For at least the first half of the 20th century, college football was more popular than the professional version. So, when powerhouses met then, the games often had a larger-than-life quality. On rare occasions, the combination of blueblood programs, high stakes and intense media coverage created a matchup that transcended all others. Those games were billed by the media as a “Game of the Century.” Here is a look at seven such games from the 20th century and what made them so special.
1. November 2, 1935: Ohio State vs. Notre Dame
What made it special: This was the first game the media called “The Game of the Century,” and despite the fact that it was contested in the midst of the Great Depression, demand for tickets was off the charts. Some tickets sold for $50 each, and rumors of counterfeit tickets abounded.
The 81,018 in attendance at Ohio Stadium in Columbus saw Notre Dame rally to win a battle of unbeaten teams, 18-13—all 18 of the Irish’s points came in the fourth quarter. Grantland Rice, then the most famous sportswriter in the country, wrote: “Notre Dame came out of the maw of hell to beat Ohio State 18 to 13 today before 81,000 and with the greatest football victory in the long and brilliant history of the Blue and Gold.”
2. December 1, 1945: Army vs. Navy
What made it special: In an era when both service academies were also football powerhouses, Army came into the game ranked No. 1 and Navy No. 2. World War II had ended three months earlier, and President Harry S. Truman attended.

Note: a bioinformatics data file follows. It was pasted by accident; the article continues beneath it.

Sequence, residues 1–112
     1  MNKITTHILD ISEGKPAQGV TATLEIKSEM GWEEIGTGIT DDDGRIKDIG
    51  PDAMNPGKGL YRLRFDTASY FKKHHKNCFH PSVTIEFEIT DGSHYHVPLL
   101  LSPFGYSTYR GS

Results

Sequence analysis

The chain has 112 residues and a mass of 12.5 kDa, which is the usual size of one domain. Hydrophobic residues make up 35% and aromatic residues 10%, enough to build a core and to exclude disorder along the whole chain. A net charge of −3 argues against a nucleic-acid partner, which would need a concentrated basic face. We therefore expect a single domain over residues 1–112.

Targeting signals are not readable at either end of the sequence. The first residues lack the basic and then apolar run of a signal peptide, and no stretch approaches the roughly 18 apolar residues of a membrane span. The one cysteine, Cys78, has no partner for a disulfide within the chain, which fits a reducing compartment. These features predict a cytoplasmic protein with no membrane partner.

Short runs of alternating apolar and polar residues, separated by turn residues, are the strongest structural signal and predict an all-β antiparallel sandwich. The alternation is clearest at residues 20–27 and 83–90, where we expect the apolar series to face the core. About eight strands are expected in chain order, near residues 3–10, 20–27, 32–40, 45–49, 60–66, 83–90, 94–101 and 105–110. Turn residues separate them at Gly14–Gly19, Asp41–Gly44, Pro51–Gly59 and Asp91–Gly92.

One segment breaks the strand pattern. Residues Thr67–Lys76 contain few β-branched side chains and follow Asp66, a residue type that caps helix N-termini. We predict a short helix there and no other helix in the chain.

Despite plenty of patriotic fervor and the presence of the commander-in-chief at Franklin Field in Philadelphia, the game didn’t live up to the hype. Army jumped to a 20-0 lead after one quarter, and Navy, while it played much better for the final three quarters, could never draw close. Army won, 32-13.
Grantland Rice, though he acknowledged Army’s greatness, almost seemed more impressed by Navy in defeat, writing, “While Army proved its greatness in vital spots, Navy was the day’s big surprise and deserves enduring credit for the showing it made against a bigger, better and more experienced squad.”
3. November 19, 1966: Notre Dame vs. Michigan State
What made it special: This was another matchup of the top teams in the country, one in which 10 future NFL first-round draft picks dotted the rosters, and 31 future pros in all participated. A television audience of 33 million and the crowd in East Lansing, Michigan, however, was left wanting more at the end.